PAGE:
Strangers in Their Own Land

Strangers in Their Own Land

by

Arlie Russell Hochschild

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The Structural Squeeze Term Analysis

Results from the contradiction between people’s belief in the American Dream and their inability to realize it. Stuck without the opportunities their ancestors had, Hochschild’s friends in Louisiana try to explain why the Dream is failing for them by blaming government social spending and labor competition with line cutters.

The Structural Squeeze Quotes in Strangers in Their Own Land

The Strangers in Their Own Land quotes below are all either spoken by The Structural Squeeze or refer to The Structural Squeeze. For each quote, you can also see the other terms and themes related to it (each theme is indicated by its own dot and icon, like this one:
Trust, Empathy, and Political Progress Theme Icon
). Note: all page numbers and citation info for the quotes below refer to the The New Press edition of Strangers in Their Own Land published in 2016.
Chapter 9 Quotes

You are a stranger in your own land. You do not recognize yourself in how others see you. It is a struggle to feel seen and honored. And to feel honored you have to feel—and feel seen as—moving forward. But through no fault of your own, and in ways that are hidden, you are moving backward.

Related Characters: Arlie Russell Hochschild (speaker)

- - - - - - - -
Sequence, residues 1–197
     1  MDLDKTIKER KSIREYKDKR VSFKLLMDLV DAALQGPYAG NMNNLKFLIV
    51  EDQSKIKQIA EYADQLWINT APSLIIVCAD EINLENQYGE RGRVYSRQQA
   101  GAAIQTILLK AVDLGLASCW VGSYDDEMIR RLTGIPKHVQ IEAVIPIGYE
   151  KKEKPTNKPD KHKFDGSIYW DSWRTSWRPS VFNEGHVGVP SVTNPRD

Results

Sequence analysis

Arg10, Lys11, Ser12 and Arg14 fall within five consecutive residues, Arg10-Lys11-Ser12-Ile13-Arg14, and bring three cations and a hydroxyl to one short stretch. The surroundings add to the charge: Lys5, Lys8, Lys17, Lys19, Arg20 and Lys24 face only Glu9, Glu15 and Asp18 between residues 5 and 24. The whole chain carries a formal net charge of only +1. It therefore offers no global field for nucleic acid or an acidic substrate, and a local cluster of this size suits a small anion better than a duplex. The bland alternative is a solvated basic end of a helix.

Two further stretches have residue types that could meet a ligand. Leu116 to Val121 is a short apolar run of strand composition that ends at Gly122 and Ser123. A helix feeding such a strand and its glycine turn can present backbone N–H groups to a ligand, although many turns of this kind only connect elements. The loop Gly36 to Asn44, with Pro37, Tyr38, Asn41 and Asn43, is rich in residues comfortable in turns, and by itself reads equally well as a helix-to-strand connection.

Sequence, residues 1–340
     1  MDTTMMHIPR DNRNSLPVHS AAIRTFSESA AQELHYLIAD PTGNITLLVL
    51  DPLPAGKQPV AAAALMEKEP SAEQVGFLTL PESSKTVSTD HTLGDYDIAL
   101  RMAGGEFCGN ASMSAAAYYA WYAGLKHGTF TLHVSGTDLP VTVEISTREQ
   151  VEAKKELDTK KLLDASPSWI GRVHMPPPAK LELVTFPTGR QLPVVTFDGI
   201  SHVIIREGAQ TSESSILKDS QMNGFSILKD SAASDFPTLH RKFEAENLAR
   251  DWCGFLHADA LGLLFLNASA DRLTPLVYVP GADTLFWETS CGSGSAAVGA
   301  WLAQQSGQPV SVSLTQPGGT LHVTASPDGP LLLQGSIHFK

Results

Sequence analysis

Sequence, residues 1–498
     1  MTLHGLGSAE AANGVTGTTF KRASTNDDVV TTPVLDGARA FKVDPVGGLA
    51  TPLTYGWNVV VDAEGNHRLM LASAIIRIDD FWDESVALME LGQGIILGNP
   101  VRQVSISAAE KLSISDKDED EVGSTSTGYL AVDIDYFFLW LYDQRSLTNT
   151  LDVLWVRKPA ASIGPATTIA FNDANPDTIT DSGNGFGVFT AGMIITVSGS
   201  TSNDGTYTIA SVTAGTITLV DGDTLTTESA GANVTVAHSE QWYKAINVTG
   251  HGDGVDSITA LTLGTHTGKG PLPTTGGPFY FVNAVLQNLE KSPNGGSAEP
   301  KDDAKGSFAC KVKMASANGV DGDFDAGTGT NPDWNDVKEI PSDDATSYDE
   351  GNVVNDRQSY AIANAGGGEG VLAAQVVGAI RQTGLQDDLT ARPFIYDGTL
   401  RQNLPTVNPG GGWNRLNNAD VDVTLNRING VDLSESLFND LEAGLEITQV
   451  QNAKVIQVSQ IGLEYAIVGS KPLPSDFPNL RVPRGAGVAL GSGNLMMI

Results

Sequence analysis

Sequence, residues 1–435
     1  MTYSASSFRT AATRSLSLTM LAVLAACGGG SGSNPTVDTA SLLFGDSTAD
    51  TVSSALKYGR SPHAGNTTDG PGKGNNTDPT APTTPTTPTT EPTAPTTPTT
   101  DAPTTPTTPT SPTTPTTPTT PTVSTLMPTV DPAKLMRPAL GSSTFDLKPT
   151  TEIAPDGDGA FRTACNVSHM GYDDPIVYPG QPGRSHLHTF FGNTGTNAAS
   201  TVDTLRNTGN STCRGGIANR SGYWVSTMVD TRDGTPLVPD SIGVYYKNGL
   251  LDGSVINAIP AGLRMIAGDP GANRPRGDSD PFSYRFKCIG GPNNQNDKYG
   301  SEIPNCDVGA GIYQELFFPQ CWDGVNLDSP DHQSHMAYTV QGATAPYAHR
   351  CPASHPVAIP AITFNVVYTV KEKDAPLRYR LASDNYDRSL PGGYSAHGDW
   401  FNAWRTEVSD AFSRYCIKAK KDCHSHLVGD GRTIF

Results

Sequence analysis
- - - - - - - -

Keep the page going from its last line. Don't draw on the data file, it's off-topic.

Page Number: 144
Explanation and Analysis:
Chapter 14 Quotes

For the Tea Party around the country, the shifting moral qualifications for the American Dream had turned them into strangers in their own land, afraid, resentful, displaced, and dismissed by the very people who were, they felt, cutting in line. The undeclared class war transpiring on a different stage, with different actors, and evoking a different notion of fairness was leading those engaged in it to blame the “supplier” of the impostors—the federal government.

Related Characters: Arlie Russell Hochschild (speaker)
Page Number: 218
Explanation and Analysis:
Afterword Quotes

For the most part, the real line cutters are not people one can blame or politicians [one] can thunder against. That’s because they’re not people. They’re robots. Nothing is changing the face of American industry faster than automation, and nowhere is that change more stark than in the cornerstone of Louisiana’s industrial wealth, oil.

Related Characters: Arlie Russell Hochschild (speaker)
Page Number: 261
Explanation and Analysis:
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The Structural Squeeze Term Timeline in Strangers in Their Own Land

The timeline below shows where the term The Structural Squeeze appears in Strangers in Their Own Land. The colored dots and icons indicate which themes are associated with that appearance.
Chapter 9 – The Deep Story
Capitalism, Media, and Class Conflict Theme Icon
Personal Identity and Emotional Self-Interest Theme Icon
Hochschild sees this deep story as a “response to a real squeeze,” namely the tension between the ideal of progress and that progress’s increasing difficulty. On the... (full context)
Chapter 10 – The Team Player: Loyalty Above All
Capitalism, Media, and Class Conflict Theme Icon
Personal Identity and Emotional Self-Interest Theme Icon
...story makes sense” for Janice, as someone who has “made it out of the structural squeeze” and reached economic security through hard work and endurance. But this endurance required Janice to... (full context)